How to start (or re-start) running when you're just not feeling it
Like, say, during a pandemic. Also: in-person races in Cape Cod, Pennsylvania + Virginia, and a virtual race for a cause that'll warm your heart
“It’s very hard in the beginning to understand that the whole idea is not to beat the other runners. Eventually you learn that the competition is against the little voice inside you that wants you to quit.”
— George A. Sheehan
Right now, as I write these words to you, my 6-year-old son is building a worm farm.
YouTube, apparently, has inspired him to go deep into the world of vermiculture — there really is such a thing, and it’s huge! — so he can help the family create compost for our garden.
He really, really wants me to come and take a look at it. He’s incredibly proud of what he’s built, after working with our sitter yesterday to drill holes in Rubbermaid buckets so the worms won’t die of asphyxiation once he puts them inside.
(And I’m incredibly proud of him for building it. I’m honestly blown away by the creativity and stick-to-it-iveness he’s shown with it.)
Meanwhile, my boss and a few of my co-workers are pinging me on Skype — no kidding, right now — asking me questions that I’m trying to get them answers to.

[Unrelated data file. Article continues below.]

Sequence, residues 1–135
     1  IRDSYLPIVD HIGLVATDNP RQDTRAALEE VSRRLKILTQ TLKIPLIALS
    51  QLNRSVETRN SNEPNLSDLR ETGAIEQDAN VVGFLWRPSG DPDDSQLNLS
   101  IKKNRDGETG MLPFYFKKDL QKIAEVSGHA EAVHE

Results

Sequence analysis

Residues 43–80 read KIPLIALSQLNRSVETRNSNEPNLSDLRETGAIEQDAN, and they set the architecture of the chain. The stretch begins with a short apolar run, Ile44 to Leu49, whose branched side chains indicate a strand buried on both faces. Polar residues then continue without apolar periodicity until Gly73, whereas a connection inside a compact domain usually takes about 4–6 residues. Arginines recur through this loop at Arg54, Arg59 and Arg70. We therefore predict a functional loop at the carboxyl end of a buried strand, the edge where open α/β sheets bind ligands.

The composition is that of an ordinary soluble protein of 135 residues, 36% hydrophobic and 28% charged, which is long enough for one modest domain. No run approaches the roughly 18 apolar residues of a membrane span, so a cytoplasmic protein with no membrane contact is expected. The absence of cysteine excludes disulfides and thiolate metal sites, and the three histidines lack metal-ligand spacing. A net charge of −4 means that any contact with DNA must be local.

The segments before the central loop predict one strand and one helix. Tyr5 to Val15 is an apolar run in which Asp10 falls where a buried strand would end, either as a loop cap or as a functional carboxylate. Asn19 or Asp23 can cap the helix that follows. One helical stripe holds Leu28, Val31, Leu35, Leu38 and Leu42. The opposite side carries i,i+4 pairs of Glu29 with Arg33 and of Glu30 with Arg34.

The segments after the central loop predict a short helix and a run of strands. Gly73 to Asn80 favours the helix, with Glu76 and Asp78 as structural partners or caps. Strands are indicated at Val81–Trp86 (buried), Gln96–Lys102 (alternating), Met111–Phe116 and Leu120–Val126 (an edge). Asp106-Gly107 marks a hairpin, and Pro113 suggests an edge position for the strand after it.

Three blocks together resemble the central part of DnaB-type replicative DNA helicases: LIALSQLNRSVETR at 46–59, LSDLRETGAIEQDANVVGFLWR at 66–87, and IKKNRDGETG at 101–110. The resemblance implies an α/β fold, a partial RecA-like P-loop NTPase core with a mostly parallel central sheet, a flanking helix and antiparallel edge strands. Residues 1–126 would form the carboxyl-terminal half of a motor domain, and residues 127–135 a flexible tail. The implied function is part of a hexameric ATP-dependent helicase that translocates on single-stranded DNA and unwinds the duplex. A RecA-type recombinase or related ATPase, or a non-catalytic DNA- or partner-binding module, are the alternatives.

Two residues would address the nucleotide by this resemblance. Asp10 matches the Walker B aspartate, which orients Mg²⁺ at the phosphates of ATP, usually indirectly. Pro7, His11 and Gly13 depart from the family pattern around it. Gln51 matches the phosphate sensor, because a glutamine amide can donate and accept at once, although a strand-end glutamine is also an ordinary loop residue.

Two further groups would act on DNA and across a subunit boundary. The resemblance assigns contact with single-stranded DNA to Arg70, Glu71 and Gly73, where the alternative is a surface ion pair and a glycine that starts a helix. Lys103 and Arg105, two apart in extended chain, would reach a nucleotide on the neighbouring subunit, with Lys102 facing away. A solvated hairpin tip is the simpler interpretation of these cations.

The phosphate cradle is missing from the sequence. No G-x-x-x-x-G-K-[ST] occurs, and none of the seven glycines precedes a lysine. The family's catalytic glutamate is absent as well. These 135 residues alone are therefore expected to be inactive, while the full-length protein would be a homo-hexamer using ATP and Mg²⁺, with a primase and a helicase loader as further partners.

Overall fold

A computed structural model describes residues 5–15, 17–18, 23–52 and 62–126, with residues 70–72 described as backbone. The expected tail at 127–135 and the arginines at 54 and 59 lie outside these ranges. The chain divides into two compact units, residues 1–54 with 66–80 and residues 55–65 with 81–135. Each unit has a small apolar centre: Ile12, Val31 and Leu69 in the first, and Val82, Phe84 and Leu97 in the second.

And at the same time, my wife and I trying to have a conversation about when we’re going to pick up my stepdaughter from her dad’s later today. So who’s going to be where, when?
And keep the house in a semblance of cleanliness. And answer text messages from my cousin about the election. And keep our 4-year-old golden retriever and our son reasonably entertained, while we’re all at home for the time being thanks to Covid-19.
My wife and I laugh that our lives are a LOT like the mound visit scene from Bull Durham, when Kevin Costner’s Crash Davis tries to work out among the players how to get the curse off one player’s glove, what to pitch to the next batter, and what to get another player for a wedding gift.
In other words, Costner says, “we’re dealing with a lot of sh*t here.”
My point in telling you this isn’t to complain. At all.
In case it isn’t already obvious from previous issues, I love, love, love being a part of my family. I finally understand what it means to hold people thisclose to your heart, and never want to let them go.
No, my reason for telling you all this is to let you know: I get it. We’re ALL Kevin Costner on the mound these days, and we’re ALL dealing with a lot of sh*t!
So, I completely understand why you might need to let some of your running slide. Even if you’ve been following, or intending to follow, a training plan for a virtual race or a running challenge.